Rush University DNP Program
Rush University’s CRNA School teaches their students to administer anesthesia for patients throughout the lifespan at varying levels of acuity. Their Nurse Anesthesia students are exposed to all types of surgeries, including transplant, thoracic, obstetrics, cardiovascular, neurological, trauma, and many others. A large number of hours will be devoted to study, clinicals, and other school related factors. The Doctor of Nurse Anesthesia Practice (DNAP) is dedicated to preparing their graduates to thrive in a wide variety of clinical settings. The nurse anesthesia program is comprehensive and incorporates a strong didactic curriculum with in-depth clinical practice training. More information on how to become a Nurse Anesthetist can be found on our CRNA Career Pro website.
Program created: 1965 Ranking: 3.9 out of 5.0 Class size: 40 Attrition Rate: 4% Tuition: $60,000 National Certification Exam (NCE) 1st time passing rate: 91% 2nd time passing rate: 100%
- License: RN licensure in the United States (minimum of a bachelor’s degree)
- Work Experience: A minimum of 1 year of recent fulltime experience as an RN in an adult ICU at the time of the application deadline (Two years of recent full-time ICU experience as an RN at the application deadline is strongly preferred. Accepted: medical, surgical, neuro, burn/trauma units and CV. Not Accepted: recovery room, emergency department, telemetry units, step-down units, invasive radiology units, the operating room or the cath lab to be intensive care units.
- GPA: 3.0 or higher (on a 4.0 scale)
- GRE: To be competitive your GRE scores should be: Verbal: (150 or higher) Quantitative: (149 or higher) Analytic Writing: ((4.0 or higher)
- Certifications: ACLS (Advanced Cardiac Life Support) PALS (Pediatric Advanced Life Support) BLS (Basic Life Support)
Special requirements: Submission of an essay discussing your interest in Nurse Anesthesia practice, your professional goals and how graduate education will help you achieve those goals. A resume or CV that includes work experience, educational, leadership and professional organization activities, and scholarly activities including publications, presentations, research, honors and awards, and nursing license number and state for RNs Complete a graduate level statistics courseInterview:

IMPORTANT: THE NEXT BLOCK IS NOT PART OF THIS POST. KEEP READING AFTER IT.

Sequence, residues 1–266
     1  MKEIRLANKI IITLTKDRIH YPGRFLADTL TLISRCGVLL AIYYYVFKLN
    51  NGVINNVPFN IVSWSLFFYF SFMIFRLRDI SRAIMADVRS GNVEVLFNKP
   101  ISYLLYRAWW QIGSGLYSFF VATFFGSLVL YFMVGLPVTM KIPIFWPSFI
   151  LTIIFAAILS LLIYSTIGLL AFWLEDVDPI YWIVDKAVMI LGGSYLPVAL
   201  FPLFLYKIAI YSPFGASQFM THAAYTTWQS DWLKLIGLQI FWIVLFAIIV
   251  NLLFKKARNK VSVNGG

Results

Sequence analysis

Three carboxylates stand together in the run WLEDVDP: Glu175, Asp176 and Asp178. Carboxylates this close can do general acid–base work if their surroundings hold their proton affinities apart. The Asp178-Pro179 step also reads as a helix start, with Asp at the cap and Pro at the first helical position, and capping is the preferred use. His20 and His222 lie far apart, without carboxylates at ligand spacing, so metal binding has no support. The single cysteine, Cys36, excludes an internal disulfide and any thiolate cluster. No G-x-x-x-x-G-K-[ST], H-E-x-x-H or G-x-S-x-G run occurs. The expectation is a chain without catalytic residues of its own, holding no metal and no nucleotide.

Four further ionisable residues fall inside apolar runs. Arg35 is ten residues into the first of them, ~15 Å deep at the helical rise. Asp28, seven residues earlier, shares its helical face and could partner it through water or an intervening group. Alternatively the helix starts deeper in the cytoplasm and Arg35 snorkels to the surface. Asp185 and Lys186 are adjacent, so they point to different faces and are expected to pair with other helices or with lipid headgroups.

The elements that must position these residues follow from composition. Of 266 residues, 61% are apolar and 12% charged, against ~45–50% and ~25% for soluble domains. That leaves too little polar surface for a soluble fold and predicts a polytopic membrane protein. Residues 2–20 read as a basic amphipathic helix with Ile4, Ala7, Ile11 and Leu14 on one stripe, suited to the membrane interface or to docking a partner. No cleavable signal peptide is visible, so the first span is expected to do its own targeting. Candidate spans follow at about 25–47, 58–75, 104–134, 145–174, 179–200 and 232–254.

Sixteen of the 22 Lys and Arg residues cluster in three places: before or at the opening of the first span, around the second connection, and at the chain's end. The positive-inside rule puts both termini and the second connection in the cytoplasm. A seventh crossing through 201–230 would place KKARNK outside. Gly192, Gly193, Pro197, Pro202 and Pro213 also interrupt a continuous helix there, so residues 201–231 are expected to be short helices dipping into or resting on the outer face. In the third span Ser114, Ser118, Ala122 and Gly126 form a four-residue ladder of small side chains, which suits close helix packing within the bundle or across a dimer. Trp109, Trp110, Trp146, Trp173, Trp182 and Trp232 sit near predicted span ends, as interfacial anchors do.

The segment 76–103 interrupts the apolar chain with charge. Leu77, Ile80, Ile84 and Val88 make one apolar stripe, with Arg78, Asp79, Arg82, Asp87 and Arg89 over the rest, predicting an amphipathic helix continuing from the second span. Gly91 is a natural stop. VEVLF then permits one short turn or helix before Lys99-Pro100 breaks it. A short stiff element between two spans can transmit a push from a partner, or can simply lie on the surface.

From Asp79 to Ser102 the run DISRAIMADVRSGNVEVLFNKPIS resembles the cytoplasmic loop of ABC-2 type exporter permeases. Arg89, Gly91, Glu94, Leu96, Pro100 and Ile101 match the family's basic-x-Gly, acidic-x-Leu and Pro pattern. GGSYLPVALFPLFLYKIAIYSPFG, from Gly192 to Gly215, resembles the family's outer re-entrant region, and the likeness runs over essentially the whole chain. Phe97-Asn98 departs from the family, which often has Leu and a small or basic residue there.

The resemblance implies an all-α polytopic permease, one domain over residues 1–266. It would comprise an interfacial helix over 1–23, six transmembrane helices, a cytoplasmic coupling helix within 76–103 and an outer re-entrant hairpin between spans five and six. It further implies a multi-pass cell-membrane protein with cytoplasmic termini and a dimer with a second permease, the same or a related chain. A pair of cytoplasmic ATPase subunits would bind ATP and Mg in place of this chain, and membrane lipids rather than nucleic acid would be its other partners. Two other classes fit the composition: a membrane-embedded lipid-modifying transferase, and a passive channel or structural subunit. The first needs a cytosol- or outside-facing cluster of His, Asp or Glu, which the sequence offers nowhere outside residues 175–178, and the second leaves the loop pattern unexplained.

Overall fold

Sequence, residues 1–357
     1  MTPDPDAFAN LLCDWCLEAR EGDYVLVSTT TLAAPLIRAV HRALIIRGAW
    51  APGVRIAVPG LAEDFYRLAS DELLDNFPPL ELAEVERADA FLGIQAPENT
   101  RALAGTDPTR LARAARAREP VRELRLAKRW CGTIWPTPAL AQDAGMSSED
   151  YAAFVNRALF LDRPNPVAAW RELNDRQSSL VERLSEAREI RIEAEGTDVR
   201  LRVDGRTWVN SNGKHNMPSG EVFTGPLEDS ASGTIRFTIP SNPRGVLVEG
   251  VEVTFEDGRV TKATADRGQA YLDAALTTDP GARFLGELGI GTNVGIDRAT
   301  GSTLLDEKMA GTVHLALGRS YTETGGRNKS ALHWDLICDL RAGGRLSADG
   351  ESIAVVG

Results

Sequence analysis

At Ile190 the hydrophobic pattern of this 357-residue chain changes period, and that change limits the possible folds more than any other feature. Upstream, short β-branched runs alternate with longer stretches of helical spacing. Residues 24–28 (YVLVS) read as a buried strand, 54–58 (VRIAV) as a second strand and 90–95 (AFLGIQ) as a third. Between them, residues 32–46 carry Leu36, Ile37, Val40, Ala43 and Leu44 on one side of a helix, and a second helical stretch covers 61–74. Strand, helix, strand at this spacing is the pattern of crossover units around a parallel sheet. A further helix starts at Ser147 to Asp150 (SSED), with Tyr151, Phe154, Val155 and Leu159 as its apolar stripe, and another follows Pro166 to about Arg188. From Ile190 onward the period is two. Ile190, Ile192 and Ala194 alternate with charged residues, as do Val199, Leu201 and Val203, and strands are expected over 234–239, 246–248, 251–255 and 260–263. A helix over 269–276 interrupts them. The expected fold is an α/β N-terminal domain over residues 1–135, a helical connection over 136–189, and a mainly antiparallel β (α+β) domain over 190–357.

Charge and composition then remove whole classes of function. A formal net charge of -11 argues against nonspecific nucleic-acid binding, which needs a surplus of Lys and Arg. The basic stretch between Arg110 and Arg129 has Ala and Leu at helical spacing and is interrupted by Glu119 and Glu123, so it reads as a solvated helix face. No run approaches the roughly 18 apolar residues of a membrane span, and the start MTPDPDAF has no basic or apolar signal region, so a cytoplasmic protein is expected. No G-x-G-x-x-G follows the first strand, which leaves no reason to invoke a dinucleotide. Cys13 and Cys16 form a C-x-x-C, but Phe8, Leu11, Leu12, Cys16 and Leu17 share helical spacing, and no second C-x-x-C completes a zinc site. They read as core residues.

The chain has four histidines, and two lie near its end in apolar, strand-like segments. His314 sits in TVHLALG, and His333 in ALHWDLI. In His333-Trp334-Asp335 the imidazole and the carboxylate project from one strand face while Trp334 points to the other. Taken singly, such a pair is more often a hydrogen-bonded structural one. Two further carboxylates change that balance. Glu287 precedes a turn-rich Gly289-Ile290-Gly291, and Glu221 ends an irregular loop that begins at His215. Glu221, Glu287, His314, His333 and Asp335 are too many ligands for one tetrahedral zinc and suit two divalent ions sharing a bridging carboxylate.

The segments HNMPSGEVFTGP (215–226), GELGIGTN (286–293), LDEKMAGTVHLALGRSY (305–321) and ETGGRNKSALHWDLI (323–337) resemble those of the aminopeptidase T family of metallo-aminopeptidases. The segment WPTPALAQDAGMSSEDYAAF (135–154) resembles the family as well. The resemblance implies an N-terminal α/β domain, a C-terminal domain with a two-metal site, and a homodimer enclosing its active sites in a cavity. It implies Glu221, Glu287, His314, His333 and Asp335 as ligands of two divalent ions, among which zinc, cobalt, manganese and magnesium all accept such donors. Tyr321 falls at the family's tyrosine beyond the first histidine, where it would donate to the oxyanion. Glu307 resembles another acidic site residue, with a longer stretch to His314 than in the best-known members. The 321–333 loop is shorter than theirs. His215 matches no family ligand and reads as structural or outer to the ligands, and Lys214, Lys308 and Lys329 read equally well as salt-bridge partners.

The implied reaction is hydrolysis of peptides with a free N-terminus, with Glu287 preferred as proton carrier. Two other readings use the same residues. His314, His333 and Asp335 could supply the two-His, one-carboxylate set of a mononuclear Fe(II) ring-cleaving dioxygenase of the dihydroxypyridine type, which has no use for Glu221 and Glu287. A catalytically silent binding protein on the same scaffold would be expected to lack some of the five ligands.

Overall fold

One group of applicants are interviewed in the morning and a second group in the afternoon. They do a program overview for the first 30 minutes of the interview session with the entire group. Following that, applicants have separate interviews with nurse anesthesia faculty members. One interview is focused on the applicant’s clinical background and interests and the other interview includes a discussion about academic background and interests. A campus tour is provided. Current students may be present to meet with applicants. The entire interview process lasts about 3-4 hours. you will be interviewed by the program director and associate director along with other nurse anesthesia instructors who may be available during the scheduled interview time. Discussion during the academic interview is based on academic history and interests. Questions during the clinical interview relate to the applicant’s job history, job-related activities and clinical interests. The clinical interview includes a critical care clinical scenario. Applicants answer several questions about the scenario.CRNA Program Setup: Classes Start:
Program Setup: Phase 1: front-loaded, with gradually increasing clinical experience during the second year of the program. Phase 2: 15 month clinical residency and completion of DNP projectsClinical Sites:
not listedDisclaimer: Information on this page was gathered from the school's website and through phone interviews. A school's curriculum can change frequently, so we make sure that you are provided with the most up to date information. Our team regularly checks for any changes that CRNA programs make to their curriculum. The ranking of schools was based off of the 2011 US News World Report for Graduate Schools